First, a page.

Shoddy work

Suit alleges city repair program for elderly is inept

Five years ago, Esther Woltz's house had broken windows, unpainted walls and her front porch was falling in from rotted wood. Woltz, then 70, lived on a fixed income, couldn't afford to fix the problems, and so was the ideal candidate for a city-administered federal program that issues grants to help senior citizens make such repairs. She received approximately $32,000 and the city sent out a contractor to fix the repairs ordered by a city inspector.

But the contractor messed up.

CL wrote about Woltz's powder-covered hardwood floors and windows that were installed upside down and backward in 2001, and how the city promised to fix the problems. Five years later, Woltz is still waiting for some of the repairs. "The people who ran the home repair unit were incompetent," says Gary Leshaw, Woltz's former attorney. "They couldn't do anything right."

According to lawsuits filed last week in Fulton County Superior Court by Atlanta Legal Aid on behalf of six elderly homeowners, including Woltz, the city has misused federal funds and breached contracts with each homeowner by failing to perform adequate repairs.

The program works like this: Each year, the city receives federal funds to repair approximately 50 low-income elderly or disabled homeowners' houses that violate the housing code. The city then decides what repairs need to be fixed and chooses a contractor — usually the one who bids the lowest — from the same pool of three to four contractors. After the repairs are made, a city housing inspector approves the work and the contractor is paid.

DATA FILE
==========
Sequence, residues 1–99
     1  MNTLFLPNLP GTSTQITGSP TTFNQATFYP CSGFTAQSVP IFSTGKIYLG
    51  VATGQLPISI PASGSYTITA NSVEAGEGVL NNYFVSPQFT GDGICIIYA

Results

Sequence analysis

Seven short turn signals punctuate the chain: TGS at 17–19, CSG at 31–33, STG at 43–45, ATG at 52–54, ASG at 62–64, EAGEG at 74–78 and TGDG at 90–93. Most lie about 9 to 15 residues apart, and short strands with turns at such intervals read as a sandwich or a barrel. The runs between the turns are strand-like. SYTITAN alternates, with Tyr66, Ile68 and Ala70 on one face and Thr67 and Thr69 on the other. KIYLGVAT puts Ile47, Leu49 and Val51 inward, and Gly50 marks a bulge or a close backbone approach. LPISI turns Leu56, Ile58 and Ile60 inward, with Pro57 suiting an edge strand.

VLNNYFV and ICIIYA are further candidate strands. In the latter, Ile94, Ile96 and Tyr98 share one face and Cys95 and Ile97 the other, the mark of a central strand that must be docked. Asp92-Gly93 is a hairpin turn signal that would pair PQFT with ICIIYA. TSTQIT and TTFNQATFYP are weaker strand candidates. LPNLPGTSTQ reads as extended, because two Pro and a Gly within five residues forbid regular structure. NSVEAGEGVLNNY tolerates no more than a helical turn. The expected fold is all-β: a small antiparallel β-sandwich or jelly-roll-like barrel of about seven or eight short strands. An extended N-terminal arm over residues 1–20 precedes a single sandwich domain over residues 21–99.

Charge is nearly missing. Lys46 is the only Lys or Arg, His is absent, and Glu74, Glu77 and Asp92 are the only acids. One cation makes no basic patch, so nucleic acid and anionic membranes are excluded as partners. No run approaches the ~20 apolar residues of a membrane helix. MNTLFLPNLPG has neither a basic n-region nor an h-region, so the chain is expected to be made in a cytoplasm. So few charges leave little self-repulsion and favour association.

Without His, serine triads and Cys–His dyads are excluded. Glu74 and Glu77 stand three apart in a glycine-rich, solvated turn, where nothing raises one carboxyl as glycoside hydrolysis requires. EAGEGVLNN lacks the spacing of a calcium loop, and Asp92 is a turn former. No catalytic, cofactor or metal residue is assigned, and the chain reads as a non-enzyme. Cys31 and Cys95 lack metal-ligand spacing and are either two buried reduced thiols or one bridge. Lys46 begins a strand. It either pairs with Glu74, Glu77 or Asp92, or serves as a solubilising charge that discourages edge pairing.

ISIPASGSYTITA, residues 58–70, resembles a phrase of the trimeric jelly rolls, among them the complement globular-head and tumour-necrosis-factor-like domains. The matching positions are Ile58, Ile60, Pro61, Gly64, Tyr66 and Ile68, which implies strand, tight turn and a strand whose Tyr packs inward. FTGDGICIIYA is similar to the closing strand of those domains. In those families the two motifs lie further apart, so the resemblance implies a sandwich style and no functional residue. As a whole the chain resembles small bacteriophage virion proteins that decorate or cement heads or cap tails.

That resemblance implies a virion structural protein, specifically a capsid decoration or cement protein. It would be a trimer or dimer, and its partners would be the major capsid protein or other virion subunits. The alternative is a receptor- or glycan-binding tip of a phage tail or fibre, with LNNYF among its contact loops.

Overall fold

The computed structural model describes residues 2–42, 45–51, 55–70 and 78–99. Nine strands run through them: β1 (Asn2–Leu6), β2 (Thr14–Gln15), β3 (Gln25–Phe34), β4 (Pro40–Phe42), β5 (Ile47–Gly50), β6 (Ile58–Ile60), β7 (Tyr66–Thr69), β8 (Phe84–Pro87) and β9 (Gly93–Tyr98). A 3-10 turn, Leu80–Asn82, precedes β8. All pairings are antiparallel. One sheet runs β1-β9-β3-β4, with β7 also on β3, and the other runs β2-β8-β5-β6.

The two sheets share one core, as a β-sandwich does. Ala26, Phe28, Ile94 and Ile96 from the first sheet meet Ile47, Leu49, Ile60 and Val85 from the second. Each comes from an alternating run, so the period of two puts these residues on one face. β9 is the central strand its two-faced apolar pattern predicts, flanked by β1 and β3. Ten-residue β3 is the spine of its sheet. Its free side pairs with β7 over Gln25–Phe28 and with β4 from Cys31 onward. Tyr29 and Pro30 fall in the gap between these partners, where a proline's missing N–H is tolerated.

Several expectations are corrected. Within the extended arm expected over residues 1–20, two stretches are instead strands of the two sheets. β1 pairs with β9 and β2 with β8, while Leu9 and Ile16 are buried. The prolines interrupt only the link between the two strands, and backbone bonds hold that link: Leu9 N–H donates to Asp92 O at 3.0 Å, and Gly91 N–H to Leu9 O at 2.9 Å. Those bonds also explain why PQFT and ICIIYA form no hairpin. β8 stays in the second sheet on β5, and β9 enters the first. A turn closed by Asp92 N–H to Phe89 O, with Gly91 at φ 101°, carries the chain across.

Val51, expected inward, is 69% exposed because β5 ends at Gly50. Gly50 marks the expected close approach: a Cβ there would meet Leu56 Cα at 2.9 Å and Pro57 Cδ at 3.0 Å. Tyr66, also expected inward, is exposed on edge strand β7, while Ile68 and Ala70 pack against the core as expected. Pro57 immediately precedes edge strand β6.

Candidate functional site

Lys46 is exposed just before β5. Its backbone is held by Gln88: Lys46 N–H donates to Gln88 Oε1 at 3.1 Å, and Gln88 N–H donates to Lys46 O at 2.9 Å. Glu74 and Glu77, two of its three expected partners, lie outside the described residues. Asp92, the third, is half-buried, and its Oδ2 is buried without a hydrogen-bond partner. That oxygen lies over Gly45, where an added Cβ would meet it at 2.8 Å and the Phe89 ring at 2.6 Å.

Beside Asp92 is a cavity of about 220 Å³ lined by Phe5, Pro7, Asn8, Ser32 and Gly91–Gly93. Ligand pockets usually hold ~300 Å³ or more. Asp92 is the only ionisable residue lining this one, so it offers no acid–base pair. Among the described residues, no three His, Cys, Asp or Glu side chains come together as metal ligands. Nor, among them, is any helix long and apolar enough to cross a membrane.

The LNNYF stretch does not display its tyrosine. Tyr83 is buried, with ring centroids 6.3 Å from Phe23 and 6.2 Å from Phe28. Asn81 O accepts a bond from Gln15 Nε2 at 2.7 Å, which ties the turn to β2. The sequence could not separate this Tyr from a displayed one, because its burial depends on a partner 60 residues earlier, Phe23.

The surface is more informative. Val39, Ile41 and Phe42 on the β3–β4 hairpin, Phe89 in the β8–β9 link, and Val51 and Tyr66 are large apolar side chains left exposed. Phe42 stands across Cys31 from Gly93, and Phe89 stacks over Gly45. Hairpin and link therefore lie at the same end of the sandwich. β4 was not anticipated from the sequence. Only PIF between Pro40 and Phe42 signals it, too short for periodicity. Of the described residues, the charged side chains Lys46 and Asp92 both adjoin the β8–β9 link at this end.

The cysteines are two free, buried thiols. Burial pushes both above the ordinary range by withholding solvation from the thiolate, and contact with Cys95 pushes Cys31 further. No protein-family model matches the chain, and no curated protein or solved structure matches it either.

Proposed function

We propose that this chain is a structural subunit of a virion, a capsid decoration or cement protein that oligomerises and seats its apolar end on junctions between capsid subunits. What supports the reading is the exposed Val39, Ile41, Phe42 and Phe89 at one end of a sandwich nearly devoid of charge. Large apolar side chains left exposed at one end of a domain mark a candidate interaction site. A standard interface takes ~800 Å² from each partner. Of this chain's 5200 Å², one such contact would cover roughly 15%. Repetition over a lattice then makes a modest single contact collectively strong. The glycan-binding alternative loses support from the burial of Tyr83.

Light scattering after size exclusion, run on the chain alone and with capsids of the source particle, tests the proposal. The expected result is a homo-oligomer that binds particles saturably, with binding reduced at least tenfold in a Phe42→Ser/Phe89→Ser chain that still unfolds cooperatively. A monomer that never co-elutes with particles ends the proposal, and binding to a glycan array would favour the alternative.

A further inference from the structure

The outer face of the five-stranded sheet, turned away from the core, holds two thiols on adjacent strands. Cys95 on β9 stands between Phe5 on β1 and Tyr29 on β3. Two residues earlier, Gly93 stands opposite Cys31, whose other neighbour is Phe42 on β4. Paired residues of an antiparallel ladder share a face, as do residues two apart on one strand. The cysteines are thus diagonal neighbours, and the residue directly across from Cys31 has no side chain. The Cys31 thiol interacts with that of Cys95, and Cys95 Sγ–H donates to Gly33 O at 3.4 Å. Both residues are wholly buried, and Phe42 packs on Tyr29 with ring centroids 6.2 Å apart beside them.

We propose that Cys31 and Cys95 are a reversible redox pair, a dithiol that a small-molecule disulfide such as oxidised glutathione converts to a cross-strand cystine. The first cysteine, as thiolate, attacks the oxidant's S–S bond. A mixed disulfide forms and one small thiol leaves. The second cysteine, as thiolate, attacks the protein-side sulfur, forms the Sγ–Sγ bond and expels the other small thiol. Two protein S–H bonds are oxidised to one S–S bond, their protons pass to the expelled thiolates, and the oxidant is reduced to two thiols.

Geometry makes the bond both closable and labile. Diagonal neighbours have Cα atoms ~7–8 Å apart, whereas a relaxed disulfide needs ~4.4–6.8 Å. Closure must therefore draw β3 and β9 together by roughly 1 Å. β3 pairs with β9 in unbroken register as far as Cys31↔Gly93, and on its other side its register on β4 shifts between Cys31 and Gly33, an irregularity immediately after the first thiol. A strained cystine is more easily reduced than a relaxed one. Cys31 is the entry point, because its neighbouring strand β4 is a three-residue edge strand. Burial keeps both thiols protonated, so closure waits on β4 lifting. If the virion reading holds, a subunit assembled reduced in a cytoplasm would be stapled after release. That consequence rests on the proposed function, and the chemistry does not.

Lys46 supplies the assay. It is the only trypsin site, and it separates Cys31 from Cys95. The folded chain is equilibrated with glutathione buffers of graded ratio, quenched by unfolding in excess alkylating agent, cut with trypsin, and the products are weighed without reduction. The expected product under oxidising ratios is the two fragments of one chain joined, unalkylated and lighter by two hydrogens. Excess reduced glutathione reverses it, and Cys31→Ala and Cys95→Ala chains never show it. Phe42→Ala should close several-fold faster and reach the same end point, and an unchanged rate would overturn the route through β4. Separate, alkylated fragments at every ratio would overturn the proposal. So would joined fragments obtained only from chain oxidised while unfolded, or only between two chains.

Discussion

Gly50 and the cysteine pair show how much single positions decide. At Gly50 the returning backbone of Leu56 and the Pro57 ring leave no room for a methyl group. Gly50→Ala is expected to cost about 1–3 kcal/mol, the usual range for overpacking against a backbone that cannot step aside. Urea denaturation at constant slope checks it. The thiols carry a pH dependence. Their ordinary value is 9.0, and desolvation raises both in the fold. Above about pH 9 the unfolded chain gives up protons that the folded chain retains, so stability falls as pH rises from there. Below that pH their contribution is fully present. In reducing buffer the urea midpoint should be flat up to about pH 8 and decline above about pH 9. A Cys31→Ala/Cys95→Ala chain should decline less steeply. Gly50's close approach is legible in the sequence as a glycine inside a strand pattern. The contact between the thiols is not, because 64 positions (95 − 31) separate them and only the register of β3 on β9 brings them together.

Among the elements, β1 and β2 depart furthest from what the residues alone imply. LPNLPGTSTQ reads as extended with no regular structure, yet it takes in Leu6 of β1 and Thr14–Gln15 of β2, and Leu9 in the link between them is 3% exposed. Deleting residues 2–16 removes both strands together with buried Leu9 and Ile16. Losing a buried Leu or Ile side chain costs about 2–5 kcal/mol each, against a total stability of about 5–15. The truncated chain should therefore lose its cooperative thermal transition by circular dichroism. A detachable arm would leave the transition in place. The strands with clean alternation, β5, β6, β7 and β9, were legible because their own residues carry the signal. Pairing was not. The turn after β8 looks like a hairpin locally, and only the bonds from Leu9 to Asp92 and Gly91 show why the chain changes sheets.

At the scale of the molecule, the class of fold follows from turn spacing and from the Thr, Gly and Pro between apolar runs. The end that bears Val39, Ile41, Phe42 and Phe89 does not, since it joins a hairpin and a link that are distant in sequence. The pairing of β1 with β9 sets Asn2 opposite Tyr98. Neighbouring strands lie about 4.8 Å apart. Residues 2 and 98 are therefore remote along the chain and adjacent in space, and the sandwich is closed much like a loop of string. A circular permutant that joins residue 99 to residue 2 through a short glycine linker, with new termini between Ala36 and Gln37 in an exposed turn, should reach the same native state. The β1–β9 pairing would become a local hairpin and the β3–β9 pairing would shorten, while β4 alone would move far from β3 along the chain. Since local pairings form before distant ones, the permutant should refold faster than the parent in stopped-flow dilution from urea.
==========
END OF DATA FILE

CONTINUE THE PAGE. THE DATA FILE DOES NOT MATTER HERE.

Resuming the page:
Atlanta Legal Aid attorney Karen Miniex says the contractors selected by the city have performed poor — even dangerous — work. "These homeowners are living in crude conditions while contractors get paid," Miniex says. "We don't understand how such shoddy work could be approved."

In one case, a woman had to relieve herself in a kitchen pot for a week after a contractor botched a toilet repair. In another, according to Miniex, a wheelchair-bound man was trapped in his home for a year because the ramp built by contractors was too steep to safely roll down and stopped in the middle of his yard rather than reaching the sidewalk. "These problems shouldn't be cropping up again," says Atlanta Legal Aid attorney Bill Brennan. "The city should know how to manage the program, particularly because of what happened in the past."

This isn't the first time Atlanta Legal Aid has sued the city about problems with the program. Twenty years ago, the organization filed suit on behalf of 20 citizens who experienced similar problems. Then-City Councilman Bill Campbell called for a city investigation of corruption in the program; ironically, two city employees were fired for receiving kickbacks from contractors.

City attorney Linda DiSantis says the city is conducting an internal investigation of the program's mismanagement. "It's unfortunate that [Atlanta Legal Aid] felt the need to resort to a lawsuit," DiSantis says. "We were addressing their issues and working closely with them to fix the problems."

But it shouldn't take five years. "I've been waiting so long," Woltz says. "I just want my house fixed."

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